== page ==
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Panic

Panic

2 mins 224 2 mins 224

Leena was staring from the window into the dark night. Her mother had not yet returned from office. It was already 8.30.

She was worried.


Leena’s mother, Harini, was a single parent. Her father had passed away when she was just one year old. All these nine years, her mother had brought her up while working for a living. She was an independent woman and did not want to ask anyone for help, even her own parents. The first five years, she had left her daughter in the care of a nearby crèche while she went to office. After that, since Leena was having full day school, she would spend the hour before her mother came home, playing in the building compound, and Harini would rush back from office. It helped that she was working in nationalized bank and her time of work was fixed.


She did not have to wait after office hours. Though she had been offered a promotion as an Officer, she did not accept as it would come with additional responsibility. It could entail transfers and duty after office hours and her daughter would be alone at home. Since the past six months, after Leena celebrated her thirteenth birthday, Harini felt that Leena was old enough to open the door of her house and finish her studies by the time she returned so that they got some time together for other activities. Her concern for her daughter ensured that she would return back home as fast as she could. But this was the first time that Leena was waiting for her mother for so long.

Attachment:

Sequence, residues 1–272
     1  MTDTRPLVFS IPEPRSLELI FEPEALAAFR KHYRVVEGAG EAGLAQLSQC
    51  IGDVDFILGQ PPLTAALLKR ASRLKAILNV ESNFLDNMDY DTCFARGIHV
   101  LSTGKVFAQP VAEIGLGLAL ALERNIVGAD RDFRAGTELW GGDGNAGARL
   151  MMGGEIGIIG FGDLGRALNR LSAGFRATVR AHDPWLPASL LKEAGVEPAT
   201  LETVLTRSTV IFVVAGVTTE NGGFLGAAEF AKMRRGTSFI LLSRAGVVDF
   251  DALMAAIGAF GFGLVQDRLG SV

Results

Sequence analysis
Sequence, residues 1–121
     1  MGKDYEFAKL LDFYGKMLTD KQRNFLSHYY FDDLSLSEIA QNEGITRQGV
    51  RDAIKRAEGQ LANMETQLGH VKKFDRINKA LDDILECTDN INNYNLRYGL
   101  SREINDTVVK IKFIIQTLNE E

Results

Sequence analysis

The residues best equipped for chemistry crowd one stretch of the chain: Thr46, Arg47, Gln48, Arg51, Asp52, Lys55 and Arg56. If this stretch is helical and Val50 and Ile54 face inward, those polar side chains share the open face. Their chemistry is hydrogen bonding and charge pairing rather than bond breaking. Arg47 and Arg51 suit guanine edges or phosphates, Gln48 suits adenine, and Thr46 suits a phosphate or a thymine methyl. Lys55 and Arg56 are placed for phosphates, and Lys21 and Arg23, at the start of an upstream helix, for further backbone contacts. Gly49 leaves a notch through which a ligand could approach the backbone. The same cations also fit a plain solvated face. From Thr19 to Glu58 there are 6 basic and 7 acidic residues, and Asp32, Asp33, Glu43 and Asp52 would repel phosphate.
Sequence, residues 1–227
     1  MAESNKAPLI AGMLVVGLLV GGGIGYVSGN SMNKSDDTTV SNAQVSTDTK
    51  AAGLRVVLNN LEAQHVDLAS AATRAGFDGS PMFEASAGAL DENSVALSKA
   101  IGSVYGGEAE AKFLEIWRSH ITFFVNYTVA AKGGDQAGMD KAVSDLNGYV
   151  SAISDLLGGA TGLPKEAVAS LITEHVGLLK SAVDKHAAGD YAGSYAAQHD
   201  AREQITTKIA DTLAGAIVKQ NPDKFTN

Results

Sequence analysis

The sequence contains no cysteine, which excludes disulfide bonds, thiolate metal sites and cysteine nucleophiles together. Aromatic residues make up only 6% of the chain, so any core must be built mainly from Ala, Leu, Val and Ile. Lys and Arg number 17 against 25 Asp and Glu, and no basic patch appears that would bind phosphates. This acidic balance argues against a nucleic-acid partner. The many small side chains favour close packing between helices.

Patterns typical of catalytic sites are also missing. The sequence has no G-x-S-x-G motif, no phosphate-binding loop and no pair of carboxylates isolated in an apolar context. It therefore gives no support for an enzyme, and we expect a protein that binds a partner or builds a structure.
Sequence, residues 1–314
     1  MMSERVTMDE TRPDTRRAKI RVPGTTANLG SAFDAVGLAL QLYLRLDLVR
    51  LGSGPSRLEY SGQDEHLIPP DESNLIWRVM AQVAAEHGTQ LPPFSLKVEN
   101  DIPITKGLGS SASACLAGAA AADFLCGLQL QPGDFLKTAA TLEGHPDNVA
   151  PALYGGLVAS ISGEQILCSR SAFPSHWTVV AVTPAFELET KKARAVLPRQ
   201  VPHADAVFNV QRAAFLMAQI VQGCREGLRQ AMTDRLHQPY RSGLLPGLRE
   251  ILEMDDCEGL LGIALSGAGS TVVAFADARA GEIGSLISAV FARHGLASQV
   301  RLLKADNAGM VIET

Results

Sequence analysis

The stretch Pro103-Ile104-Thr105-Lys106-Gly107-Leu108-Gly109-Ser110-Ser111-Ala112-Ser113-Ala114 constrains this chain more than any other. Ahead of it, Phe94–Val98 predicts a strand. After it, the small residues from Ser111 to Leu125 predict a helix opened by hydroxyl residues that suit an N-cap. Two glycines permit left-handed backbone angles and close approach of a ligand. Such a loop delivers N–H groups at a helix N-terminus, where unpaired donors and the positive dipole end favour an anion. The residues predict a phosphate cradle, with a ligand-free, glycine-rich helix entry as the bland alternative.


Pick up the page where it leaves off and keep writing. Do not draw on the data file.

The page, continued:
‘Mom is never so late,’ she panicked. ‘Why there is no phone call also?’

As if on cue, the phone rang.

“Hello,” said Leena.

“Hi darling,” it was her Mom alright. She was relieved.

“What’s the matter, Mom? Why are you so late?” The questions tumbled out in a hurry.

“Wait Leena darling, nothing’s the matter with me,” came her mother’s reply. “Don’t worry, I am perfectly fine. But you know Kavita aunty, my colleague. She suddenly fell sick and had to be hospitalized. I am just returning home in a few minutes.”


Leena knew and liked Kavita aunty. She was also a single parent and Mom’s closest friend. Her son, Mahesh, was just nine.

“Is Aunty okay, Mom?” asked Leena.

“She is now stable. I had to wait as Mahesh was scared and weeping,” replied Harini. “I was actually thinking of bringing him home, but just now Aunty’s cousin brother arrived and has taken over.”

“Okay Mom,” said Leena relieved and waited again at the window looking out for the familiar figure of her mother entering the building.


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